Gold shifted the demographics of 19th century Nova Scotia, emptying out some rural areas and populating others with boom towns centred around gold mines. 
Renfrew was an isolated area on the barrens, growing from a scarce population to 700 people in five years. It ranked in seventh place out of 65 gold districts. And now, 150 years later, it’s a ghost town; very little remains of its post office, school, church, houses, stores, livery stable, blacksmith shops, lumber mill, and hotels.  

Other towns besides Renfrew also died when gold mining ceased. The Ovens had a population of over 1,000 during the 1860s. Now it’s a campground. Whiteburn Mines once had a population of 1,000 as well; with stores, a school, hotels – even a baseball team. No more. The buildings have rotted into the ground and vegetation covers this once vibrant gold mining community, the centre of industrial mining activity in Queens County during the last two decades of the 19th century.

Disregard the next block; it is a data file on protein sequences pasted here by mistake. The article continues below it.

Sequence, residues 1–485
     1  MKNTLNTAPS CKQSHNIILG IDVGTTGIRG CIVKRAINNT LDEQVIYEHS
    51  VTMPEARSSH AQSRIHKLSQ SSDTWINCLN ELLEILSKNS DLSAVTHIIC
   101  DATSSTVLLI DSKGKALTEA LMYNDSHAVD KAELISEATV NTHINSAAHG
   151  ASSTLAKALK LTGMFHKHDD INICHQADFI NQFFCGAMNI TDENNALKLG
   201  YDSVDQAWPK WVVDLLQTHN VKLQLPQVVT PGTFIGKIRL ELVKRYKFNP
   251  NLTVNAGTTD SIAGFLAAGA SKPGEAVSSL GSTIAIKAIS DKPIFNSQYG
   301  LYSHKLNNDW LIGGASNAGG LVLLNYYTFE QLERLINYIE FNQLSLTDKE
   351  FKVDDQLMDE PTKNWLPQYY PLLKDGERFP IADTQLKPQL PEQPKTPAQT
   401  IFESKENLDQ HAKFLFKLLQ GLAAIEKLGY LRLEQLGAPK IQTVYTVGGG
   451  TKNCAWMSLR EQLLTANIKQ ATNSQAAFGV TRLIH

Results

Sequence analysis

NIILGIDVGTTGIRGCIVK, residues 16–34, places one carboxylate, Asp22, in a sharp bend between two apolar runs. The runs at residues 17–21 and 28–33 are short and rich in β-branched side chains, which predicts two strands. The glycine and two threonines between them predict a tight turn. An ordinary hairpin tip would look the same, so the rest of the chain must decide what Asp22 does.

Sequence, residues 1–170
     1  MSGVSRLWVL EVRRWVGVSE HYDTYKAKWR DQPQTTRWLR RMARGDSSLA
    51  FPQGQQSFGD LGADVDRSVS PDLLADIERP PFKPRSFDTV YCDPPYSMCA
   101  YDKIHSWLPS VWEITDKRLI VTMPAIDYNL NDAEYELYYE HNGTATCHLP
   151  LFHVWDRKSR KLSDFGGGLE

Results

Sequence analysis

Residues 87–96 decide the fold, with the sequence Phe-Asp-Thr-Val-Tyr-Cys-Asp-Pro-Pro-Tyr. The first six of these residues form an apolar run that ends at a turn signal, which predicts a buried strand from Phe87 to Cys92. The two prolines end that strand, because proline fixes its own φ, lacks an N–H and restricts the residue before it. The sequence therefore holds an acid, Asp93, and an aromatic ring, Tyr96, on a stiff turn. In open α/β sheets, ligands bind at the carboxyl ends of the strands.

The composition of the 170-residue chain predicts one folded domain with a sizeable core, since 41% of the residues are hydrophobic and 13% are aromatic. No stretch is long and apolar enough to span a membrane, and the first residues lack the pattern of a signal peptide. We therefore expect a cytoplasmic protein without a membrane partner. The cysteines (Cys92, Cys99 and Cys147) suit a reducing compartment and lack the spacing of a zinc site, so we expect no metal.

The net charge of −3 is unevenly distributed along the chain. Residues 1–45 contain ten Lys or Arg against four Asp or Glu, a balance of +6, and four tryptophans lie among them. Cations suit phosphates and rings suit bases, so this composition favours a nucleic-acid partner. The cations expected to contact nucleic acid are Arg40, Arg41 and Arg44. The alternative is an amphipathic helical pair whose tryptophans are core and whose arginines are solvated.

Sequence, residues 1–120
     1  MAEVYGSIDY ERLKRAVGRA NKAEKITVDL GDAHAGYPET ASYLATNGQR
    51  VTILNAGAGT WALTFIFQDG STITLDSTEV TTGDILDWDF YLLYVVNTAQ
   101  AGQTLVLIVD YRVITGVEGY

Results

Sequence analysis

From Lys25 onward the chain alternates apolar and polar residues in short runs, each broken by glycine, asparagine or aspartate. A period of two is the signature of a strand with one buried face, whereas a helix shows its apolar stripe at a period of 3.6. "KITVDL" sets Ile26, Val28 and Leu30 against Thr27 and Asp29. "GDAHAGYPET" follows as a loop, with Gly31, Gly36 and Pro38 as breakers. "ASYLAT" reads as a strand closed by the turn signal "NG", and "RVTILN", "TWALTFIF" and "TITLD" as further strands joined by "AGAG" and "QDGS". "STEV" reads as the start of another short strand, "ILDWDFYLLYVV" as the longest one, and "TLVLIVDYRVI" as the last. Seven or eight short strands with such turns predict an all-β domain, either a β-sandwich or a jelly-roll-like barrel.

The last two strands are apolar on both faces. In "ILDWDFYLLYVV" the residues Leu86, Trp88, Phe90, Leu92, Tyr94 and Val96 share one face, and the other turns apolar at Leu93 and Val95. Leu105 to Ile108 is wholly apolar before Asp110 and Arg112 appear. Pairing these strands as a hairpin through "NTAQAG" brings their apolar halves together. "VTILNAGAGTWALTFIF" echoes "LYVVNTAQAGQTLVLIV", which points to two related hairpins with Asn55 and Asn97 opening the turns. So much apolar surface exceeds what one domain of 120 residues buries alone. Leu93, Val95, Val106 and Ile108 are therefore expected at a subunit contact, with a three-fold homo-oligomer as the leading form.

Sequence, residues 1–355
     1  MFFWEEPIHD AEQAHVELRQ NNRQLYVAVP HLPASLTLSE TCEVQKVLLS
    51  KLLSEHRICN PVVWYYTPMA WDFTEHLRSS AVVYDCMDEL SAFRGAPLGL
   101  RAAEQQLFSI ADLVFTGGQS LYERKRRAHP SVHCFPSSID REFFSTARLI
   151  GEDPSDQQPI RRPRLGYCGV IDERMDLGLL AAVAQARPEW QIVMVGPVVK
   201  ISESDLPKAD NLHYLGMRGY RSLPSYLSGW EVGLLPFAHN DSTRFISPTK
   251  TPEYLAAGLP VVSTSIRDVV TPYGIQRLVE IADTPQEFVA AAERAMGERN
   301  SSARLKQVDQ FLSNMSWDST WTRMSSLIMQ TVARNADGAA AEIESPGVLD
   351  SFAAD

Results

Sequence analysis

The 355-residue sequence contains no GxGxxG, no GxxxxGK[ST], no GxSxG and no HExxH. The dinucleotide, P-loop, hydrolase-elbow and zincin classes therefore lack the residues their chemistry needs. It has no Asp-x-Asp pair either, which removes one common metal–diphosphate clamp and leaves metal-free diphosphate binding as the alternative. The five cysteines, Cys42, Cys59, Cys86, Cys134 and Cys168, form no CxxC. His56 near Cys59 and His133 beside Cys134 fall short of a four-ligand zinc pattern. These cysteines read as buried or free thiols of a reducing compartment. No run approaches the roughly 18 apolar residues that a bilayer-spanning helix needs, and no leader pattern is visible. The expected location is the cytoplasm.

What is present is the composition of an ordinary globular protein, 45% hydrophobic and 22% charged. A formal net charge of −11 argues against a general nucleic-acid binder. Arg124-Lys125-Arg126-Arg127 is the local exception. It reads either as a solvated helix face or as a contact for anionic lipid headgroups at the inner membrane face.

Caribou Mines in Halifax County grew from 150 to 450 people in ten years during the second gold rush. Mining companies came and went. During the early years of the 20th Century, Caribou Mines became a near ghost town. Many left for mines elsewhere. Families moved to more populated centres for schools, stores and other modern conveniences. By 1925 all of the mining activity had ceased. In the mid 1930s, the community revived during Nova Scotia’s third gold rush and flourished for thirteen years. But when the known ore gave out and men had to move elsewhere for work, Caribou Mines languished once again. By 2008, there were only four permanent residents.
Art Gallery of Nova Scotia, Dian Day, Susan Sellers, Rita Wilson
1860 - 2008
The Ovens, Nova Scotia, CANADA
Renfrew, Nova Scotia, CANADA
Caribou Mines, Nova Scotia, CANADA
Nova Scotia, CANADA
© 2013, Art Gallery of Nova Scotia. All Rights Reserved.

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